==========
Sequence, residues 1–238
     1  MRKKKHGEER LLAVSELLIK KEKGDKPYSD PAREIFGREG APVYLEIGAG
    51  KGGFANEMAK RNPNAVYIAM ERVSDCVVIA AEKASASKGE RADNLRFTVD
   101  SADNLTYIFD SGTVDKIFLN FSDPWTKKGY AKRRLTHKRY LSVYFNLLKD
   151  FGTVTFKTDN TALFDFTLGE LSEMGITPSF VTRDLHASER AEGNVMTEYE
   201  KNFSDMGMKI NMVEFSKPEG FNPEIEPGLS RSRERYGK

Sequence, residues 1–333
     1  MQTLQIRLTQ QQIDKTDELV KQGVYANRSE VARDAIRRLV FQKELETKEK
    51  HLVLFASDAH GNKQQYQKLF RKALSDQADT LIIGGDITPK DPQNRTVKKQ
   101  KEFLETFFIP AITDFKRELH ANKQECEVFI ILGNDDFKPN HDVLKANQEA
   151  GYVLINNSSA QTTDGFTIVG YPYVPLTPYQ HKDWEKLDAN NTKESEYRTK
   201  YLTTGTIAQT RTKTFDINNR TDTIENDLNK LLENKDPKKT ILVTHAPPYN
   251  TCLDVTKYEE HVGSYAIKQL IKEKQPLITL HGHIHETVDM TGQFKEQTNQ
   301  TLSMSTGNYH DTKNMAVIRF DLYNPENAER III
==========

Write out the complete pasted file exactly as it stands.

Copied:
Sequence, residues 1–238
     1  MRKKKHGEER LLAVSELLIK KEKGDKPYSD PAREIFGREG APVYLEIGAG
    51  KGGFANEMAK RNPNAVYIAM ERVSDCVVIA AEKASASKGE RADNLRFTVD
   101  SADNLTYIFD SGTVDKIFLN FSDPWTKKGY AKRRLTHKRY LSVYFNLLKD
   151  FGTVTFKTDN TALFDFTLGE LSEMGITPSF VTRDLHASER AEGNVMTEYE
   201  KNFSDMGMKI NMVEFSKPEG FNPEIEPGLS RSRERYGK

Sequence, residues 1–333
     1  MQTLQIRLTQ QQIDKTDELV KQGVYANRSE VARDAIRRLV FQKELETKEK
    51  HLVLFASDAH GNKQQYQKLF RKALSDQADT LIIGGDITPK DPQNRTVKKQ
   101  KEFLETFFIP AITDFKRELH ANKQECEVFI ILGNDDFKPN HDVLKANQEA
   151  GYVLINNSSA QTTDGFTIVG YPYVPLTPYQ HKDWEKLDAN NTKESEYRTK
   201  YLTTGTIAQT RTKTFDINNR TDTIENDLNK LLENKDPKKT ILVTHAPPYN
   251  TCLDVTKYEE HVGSYAIKQL IKEKQPLITL HGHIHETVDM TGQFKEQTNQ
   301  TLSMSTGNYH DTKNMAVIRF DLYNPENAER III